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Prador Moon: A Novel Of The Polity by Neal Asher
Review by Paul Haggerty
Night Shade Books Paperback  ISBN/ITEM#: 159780052X
Date: 15 May, 2006 List Price $14.95 Amazon US / Amazon UK / Show Official Info /

Previous Neal Asher Reviews in SFRevu
Brass Man
Voyage of the Sable Keech

Prador Moon is a mixture of political intrigue and space combat. One of the central tenets of the novel is that humans are totally outclassed by the attacking alien hordes. It's not that we don't have the technology; we just don't have the necessary technology implemented at the moment. Warships of the Polity have weapons and defenses optimized for attacking the kinds of ships they've come across in the past. The Prador ships have different armor and weapons systems based on a long evolutionary history of warfare with everyone they've ever come across, including themselves and their own offspring. While the polity has speed, range, and flexibility, the Prador have massively powerful weapons and heavy armor that nothing in the Polity can touch. Now that they're aware, the Polity can outfit the navy with the appropriate hardware to rebalance the scales. Unfortunately, that takes time, and the Prador are on their way now.

Prador Moon revolves around three beings, two heroes and a villain. Jebel Krong, who was part of the original first contact mission, is now part of the massive delaying effort being put forward to buy humanity time. While humanity might lose every space battle with the Prador, Krong and the others fighting along him make sure that they pay dearly for every inch of every planet they try to claim.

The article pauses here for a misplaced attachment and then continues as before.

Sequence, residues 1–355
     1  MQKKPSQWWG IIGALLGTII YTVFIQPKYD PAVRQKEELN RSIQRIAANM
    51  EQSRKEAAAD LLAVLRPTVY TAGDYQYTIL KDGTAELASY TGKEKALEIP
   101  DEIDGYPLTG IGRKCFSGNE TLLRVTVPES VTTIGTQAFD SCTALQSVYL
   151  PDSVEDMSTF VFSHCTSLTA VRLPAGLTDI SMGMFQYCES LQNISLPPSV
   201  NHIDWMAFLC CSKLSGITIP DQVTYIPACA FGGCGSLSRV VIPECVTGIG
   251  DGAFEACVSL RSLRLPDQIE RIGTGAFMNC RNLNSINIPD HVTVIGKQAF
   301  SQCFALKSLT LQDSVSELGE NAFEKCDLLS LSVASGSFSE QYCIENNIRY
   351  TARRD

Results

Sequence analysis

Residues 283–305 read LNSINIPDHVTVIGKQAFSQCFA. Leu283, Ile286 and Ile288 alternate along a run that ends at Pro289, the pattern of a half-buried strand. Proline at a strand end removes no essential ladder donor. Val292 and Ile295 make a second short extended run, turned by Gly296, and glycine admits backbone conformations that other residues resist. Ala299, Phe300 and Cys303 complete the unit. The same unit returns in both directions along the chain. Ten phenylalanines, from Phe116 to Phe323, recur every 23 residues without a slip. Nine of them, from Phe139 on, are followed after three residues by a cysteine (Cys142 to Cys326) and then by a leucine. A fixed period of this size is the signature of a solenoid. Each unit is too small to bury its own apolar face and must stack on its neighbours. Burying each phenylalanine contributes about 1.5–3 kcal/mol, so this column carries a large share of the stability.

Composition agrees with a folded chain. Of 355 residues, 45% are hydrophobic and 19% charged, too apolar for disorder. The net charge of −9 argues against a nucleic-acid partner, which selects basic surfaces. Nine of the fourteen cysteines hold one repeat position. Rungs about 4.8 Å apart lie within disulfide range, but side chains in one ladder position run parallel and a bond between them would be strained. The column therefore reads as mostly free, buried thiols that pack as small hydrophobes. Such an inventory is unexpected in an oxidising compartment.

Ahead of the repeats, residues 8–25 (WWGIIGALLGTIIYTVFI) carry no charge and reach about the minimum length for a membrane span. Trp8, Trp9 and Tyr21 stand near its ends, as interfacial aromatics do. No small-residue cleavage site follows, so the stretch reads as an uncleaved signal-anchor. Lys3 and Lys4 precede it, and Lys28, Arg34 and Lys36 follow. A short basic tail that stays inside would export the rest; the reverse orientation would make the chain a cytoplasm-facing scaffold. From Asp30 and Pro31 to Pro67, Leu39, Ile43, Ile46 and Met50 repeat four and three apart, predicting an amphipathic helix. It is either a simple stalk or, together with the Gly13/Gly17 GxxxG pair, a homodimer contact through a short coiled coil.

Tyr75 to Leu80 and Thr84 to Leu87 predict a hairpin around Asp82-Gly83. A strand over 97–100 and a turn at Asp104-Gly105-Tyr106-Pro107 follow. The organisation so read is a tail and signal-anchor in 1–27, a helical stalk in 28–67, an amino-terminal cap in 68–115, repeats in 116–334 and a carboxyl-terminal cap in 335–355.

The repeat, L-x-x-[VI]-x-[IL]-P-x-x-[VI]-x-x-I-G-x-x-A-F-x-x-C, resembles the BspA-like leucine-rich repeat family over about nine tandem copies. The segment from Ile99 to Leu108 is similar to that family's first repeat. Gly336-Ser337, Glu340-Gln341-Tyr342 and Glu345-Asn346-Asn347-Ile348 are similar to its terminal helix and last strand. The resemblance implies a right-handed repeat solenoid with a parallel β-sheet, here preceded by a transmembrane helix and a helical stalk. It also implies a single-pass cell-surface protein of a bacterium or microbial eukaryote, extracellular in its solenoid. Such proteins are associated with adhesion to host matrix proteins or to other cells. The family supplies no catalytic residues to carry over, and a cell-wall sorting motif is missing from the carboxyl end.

While the military campaign is pretty much successful in delaying the main Prador advance, a second prong of the Prador is heading straight for the center of the Polity, and ignoring the tasty planets along the way. And Maria Salem is responsible for stopping this threat. While Krong makes use of the brute force approach of bombs and guns to fight his enemy, Salem has a plan that is as astronomical in scope as it is insane in execution. But it certainly has the advantage of surprise. No one would ever believe it could be done. And if she succeeds, the Prador will get a comeuppance they'll never forget.

And as a foil for our two heroes is Immanence, captain of the Prador starship which destroys most of the first contact team and then sets forth to slaughter (and consume) all the humans he can get his claws on. Some of the most enjoyable (although sometimes violently nasty) parts of the novel come up within the Prador ship with the captain trying to give rational reasons for why the humans are doing what they're doing, and how things are going to pan out in the future. Of course, he's absolutely wrong, but most of his ideas are rational given his point of view and some terrible misunderstandings of humanity.

I wasn't sure I was going to really enjoy this book when if first fell into my hands, but by the end of the first chapter, I had become convinced that this was a new universe I was going to want to explore. There's high technology, space battles, ground assaults, bug hunts, radical physics, alien civilizations, and strangely enough, two heros who don't automatically get along. There's pretty much something for anyone interested in a far future space adventure.

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